While looking for something completely different, I happened to find this wonderful picture of Samuel Beckett.
There’s something about that untouched glass of red wine that looks utterly inviting and enticing, and you know it’s in Paris, and looking at it, I think it might be the best-tasting, most inspiring glass of wine in the whole history of the world. You think I’m exaggerating?
And I began to wonder if I could find pictures of my other “favorite” authors with a drink in front of them. Since my favorite (and I know it’s a dodgy term) authors include Borges, Kafka and Pynchon this was clearly not going to be an absolute easy task. Since the list also includes Chandler, Kerouac, Burroughs, Ballard and Christopher Hitchens, it might in part seem like shooting drunken fish in a barrel, but all in all, it wasn’t quite as straightforward as I’d expected. Hitchens admittedly was easy:
But Kerouac was surprisingly hard. OK, I was just image-searching the Internet, not trawling through library archives, but I had the feeling I’d seen loads of pictures of Jack with a drink in his hand. Maybe so, but I can’t find them now. The best I can do is the one below. I guess it’s hard liquor in that little cup. And note the pipe.
Raymond Chandler proved surprisingly difficult too. He’s seldom photographed without a pipe or cigarette, and quite often he’s holding a cat (a good standby prop for author portraits), but no sign of the office bottle, a martini or a gimlet. However, there is this scarcely improvable one, sitting between Mr. and Mrs. Anthony Blond, a position in which you’d definitely need a drink.
No problem with finding a picture of Burroughs holding a drink, though it’s rather easier to find one of him holding gun. And we all know how well guns and drink went together in Burroughs's life.
And I did find this gorgeous picture of Borges and Ballard; plenty of bottles in the background, and Ballard clearly has a drink in his hand, though admittedly Borges doesn’t.
I can see why certain authors might think it’s bad for their image to be seen with a drink in their hand, though others of course think it’s more than fine. Ernest Hemingway ran the gamut of guns, drink and cats, sometimes more than one at a time.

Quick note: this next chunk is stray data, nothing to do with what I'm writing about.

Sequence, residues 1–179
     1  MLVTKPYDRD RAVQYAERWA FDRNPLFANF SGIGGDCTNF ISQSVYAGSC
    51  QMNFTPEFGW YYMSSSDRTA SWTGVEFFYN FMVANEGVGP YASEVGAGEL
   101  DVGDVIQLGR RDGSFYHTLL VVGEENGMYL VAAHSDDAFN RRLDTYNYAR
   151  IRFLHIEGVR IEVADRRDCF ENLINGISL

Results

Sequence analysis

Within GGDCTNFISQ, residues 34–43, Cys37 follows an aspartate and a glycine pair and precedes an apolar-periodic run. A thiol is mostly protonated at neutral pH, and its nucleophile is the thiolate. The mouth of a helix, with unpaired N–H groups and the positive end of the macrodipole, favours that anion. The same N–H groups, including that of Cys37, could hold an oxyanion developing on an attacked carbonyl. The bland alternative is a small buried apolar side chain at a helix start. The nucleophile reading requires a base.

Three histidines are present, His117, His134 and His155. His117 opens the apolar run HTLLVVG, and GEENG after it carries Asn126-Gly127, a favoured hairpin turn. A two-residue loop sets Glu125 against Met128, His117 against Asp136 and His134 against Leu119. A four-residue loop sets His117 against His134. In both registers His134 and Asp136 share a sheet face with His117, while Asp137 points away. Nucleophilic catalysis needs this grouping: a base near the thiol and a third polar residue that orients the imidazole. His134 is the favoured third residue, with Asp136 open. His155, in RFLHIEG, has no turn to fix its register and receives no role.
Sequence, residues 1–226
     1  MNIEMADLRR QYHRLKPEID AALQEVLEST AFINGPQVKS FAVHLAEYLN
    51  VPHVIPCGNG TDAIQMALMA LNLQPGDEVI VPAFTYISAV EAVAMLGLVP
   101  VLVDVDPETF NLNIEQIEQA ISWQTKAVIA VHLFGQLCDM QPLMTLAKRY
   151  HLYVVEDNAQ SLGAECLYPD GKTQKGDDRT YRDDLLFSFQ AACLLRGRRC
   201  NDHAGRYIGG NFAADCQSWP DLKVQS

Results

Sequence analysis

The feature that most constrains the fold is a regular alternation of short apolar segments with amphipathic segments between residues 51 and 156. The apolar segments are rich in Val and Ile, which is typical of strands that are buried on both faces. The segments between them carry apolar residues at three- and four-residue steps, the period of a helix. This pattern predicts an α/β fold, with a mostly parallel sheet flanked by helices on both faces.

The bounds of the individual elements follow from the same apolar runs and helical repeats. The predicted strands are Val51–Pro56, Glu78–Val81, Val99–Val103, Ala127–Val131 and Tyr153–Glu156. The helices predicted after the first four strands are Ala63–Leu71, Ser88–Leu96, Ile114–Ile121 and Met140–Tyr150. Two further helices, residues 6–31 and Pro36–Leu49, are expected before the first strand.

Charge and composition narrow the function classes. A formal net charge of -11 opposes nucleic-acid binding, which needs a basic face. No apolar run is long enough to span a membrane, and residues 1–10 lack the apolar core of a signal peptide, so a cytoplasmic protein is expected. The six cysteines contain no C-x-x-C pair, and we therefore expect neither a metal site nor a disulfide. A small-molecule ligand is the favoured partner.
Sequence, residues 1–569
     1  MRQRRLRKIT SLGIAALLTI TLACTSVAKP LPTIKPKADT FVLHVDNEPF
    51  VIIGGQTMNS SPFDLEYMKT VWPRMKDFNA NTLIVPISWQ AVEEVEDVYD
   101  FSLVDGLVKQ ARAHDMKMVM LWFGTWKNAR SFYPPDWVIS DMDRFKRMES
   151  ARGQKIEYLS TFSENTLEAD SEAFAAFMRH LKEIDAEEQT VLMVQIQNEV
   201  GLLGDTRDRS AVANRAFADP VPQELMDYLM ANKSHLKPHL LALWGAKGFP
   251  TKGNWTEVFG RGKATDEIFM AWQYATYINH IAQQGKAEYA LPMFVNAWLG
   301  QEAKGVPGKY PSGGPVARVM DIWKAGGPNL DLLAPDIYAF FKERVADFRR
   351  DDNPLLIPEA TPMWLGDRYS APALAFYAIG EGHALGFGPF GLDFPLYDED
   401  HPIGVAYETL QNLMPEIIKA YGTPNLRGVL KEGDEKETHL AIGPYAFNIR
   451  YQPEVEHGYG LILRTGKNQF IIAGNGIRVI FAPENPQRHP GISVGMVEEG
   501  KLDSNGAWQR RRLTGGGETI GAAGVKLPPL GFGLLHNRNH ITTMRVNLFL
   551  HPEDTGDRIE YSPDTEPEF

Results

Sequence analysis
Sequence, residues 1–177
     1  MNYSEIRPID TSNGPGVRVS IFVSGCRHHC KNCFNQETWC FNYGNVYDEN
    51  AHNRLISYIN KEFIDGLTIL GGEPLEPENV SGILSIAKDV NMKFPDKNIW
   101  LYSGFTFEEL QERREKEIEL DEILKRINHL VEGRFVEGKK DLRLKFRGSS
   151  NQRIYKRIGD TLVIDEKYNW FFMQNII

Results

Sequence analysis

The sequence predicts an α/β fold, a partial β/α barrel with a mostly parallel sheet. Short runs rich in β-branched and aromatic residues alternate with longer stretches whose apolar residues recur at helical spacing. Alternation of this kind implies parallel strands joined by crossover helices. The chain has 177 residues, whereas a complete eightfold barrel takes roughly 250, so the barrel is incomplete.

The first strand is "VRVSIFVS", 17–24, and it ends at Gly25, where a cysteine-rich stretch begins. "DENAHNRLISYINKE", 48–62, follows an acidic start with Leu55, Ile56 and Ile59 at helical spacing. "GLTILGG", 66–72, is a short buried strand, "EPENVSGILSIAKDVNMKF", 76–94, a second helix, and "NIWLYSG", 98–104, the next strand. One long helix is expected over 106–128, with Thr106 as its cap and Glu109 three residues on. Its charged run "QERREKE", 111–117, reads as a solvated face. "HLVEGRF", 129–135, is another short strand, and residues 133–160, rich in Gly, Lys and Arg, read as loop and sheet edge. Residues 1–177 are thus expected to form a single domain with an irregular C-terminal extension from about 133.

And what about female authors? I imagine they might might be even less willing to be photographed booze in hand, even if they have some reputation for enjoying a drink, even for writing about it. Dorothy Parker for instance, always looks amazingly prim in her photographs. This is the best I can come up with:
Although whenever an actress plays Dorothy Parker on screen or stage, a drink is a ubiquitous prop. Here’s Jennifer Jason Leigh in Mrs. Parker and the Vicious Circle.
As for some of my other fave raves: Joan Didion – no, she looks like she’d keel over if she ever had so much as a glass of sherry, though there are many, many pictures with cigarettes. Angela Carter, Renata Adler, Lydia Davis: no boozy picture that I can find. No cigarettes or guns either, though Lydia Davis is often seen with a cat. So thank heavens (in so many ways) for Deborah Eisenberg. I can’t say that I’ve found zillions of pictures of the divine Ms. E staggering around, gin bottle in hand, but there is this deeply wonderful picture of her: drink in one hand, Wallace Shawn in the other (so to speak), he in turn being a writer who’s obviously unafraid to be seen with a drink in his own hand. Hurrah.
Is this connection between booze and writing important? Well, it does seem that many a writer likes a drink. Of course many a plumber or carpenter likes a drink too, but writers get to write about it, and then their biographers write about it again. There’s a new book out by Olivia Laing, titled The Trip to Echo Spring: Why Writers Drink; it's about Hemingway, Tennessee Williams, Carver, Cheever, Berryman and Fitzgerald.
As for why writers drink, well a million words probably won’t answer the question, but there are some fairly wise one here from Blake Morrison writing about the book in the Guardian: “Why do writers drink? Why does anyone drink? From boredom, loneliness, habit, hedonism, lack of self-confidence; as stress relief or a short-cut to euphoria; to bury the past, obliterate the present or escape the future. If Olivia Laing's entertaining book fails to come up with a simple answer, that's because there isn't one.”